But Trump seems dismissive of the notion North Korea primarily seeks nukes as a means of deterrence and has habitually taken a bombastic stance toward the reclusive nation. Over the summer, for example, the president warned Pyongyang it would be met with unprecedented “fire and fury” if it continued to threaten the U.S. Subsequently, during his first address to the United Nations in late September, Trump said the U.S. would “totally destroy” North Korea if it forced the U.S. to defend itself or its allies. 

01_04_Trump_North_Korea President Donald Trump addresses the United Nations General Assembly at U.N. headquarters in New York, on September 19, 2017. “I too have a Nuclear Button, but it is a much bigger & more powerful one than his, and my Button works!” Trump tweeted. Getty Images

Due to Trump’s unconventional approach to this issue, Lieu has joined forces with Democratic Senator Ed Markey to push a bill through Congress that would prohibit Trump from launching a preemptive nuclear strike without congressional approval.

“Trump highlights the structural problem with our current nuclear launch approval process. There’s far too few people involved in a decision that could destroy millions of lives,” Lieu said. 

Markey took to Twitter earlier this week to express similar sentiments, tweeting, “Worried that [Trump] could launch a nuclear war? My bill [with Rep. Ted Lieu] would prevent Trump from launching a nuclear first strike. No one person should have the power to decide when the U.S. will be the first to use nuclear weapons.”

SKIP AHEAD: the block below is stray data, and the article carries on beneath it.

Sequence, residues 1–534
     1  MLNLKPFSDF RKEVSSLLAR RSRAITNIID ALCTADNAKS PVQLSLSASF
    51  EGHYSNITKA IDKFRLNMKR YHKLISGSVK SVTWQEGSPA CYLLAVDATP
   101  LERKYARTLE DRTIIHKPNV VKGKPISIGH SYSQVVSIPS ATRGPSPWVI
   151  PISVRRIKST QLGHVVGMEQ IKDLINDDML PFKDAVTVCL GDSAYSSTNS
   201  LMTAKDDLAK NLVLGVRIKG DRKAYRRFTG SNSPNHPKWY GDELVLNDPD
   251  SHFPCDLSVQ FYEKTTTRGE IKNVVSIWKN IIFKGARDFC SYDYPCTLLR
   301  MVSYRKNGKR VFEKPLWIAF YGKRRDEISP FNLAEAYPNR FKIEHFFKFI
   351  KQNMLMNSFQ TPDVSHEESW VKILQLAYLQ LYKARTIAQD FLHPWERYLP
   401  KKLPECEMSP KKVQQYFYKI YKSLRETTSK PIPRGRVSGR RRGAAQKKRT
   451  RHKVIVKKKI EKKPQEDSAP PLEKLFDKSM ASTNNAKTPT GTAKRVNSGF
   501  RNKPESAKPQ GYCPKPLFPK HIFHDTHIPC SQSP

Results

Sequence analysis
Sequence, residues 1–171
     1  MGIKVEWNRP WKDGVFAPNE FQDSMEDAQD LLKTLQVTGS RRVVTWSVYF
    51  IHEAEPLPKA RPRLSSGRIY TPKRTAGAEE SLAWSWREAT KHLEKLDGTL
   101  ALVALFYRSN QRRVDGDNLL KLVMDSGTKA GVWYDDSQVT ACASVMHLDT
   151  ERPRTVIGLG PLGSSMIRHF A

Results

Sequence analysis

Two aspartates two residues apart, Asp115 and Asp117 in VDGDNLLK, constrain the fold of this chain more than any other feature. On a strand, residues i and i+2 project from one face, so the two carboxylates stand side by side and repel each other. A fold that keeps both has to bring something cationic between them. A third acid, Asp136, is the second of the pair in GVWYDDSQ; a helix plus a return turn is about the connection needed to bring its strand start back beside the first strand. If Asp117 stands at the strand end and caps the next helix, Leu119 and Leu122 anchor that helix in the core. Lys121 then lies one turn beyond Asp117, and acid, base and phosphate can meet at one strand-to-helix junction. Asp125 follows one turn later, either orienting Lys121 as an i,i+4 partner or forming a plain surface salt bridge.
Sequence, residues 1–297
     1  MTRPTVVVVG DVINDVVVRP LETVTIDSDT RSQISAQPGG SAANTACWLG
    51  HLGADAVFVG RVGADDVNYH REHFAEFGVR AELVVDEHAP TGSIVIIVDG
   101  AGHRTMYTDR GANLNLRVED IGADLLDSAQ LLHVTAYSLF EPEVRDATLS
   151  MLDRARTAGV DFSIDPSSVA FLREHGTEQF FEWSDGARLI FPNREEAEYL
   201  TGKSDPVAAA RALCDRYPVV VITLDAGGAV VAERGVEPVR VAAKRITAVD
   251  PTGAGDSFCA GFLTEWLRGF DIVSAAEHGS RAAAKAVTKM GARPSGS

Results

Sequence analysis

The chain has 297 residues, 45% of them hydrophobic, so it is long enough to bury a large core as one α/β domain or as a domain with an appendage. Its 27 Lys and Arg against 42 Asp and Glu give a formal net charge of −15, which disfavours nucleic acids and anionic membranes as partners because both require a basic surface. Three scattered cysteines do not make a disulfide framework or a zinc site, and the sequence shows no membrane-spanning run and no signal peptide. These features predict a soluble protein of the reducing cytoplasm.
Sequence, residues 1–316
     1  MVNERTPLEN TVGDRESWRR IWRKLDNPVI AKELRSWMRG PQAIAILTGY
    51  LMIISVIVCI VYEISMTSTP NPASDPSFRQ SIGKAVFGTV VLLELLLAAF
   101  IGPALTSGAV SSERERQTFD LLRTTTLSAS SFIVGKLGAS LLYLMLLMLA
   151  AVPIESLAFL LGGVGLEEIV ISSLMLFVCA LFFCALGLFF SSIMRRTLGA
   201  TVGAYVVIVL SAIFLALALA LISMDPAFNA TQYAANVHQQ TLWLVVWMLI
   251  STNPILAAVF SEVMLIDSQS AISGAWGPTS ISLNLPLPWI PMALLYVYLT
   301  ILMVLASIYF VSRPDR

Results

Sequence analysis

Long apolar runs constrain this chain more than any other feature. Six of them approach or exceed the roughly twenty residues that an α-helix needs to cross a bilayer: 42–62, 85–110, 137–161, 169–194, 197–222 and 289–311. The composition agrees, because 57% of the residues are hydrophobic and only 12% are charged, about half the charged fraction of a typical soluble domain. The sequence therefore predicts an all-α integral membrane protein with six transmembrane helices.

North Korea is believed to possess somewhere between 25 to 60 nuclear weapons, according to assessments from the U.S. intelligence community and independent experts. (The U.S. has roughly 6,800 nuclear warheads in its arsenal.) But there’s an ongoing debate as to whether Pyongyang has acquired the technology necessary to launch a nuclear-tipped intercontinental ballistic missile capable of reaching the U.S. 

Pyongyang launched its most powerful intercontinental ballistic missile yet in late November but has not conducted any tests since that time. South Korea said on Thursday that there are no “imminent” signs of another launch. Meanwhile, earlier this week, Seoul and Pyongyang reestablished a hotline that’s been dormant for two years and plan to hold talks in the near future. North Korea has also signified a desire to participate in the Winter Olympics in Pyeongchang next month, which South Korea said it would be open to. Amid these developments, Trump on Thursday agreed to a request from South Korean President Moon Jae-in to not hold joint military drills during the games to avoid provoking Pyongyang. 

Trump has attempted to take credit for the somewhat improved relations between the North and South. On Thursday, the president tweeted, “With all of the failed ‘experts’ weighing in, does anybody really believe that talks and dialogue would be going on between North and South Korea right now if I wasn’t firm, strong and willing to commit our total ‘might’ against the North. Fools, but talks are a good thing!”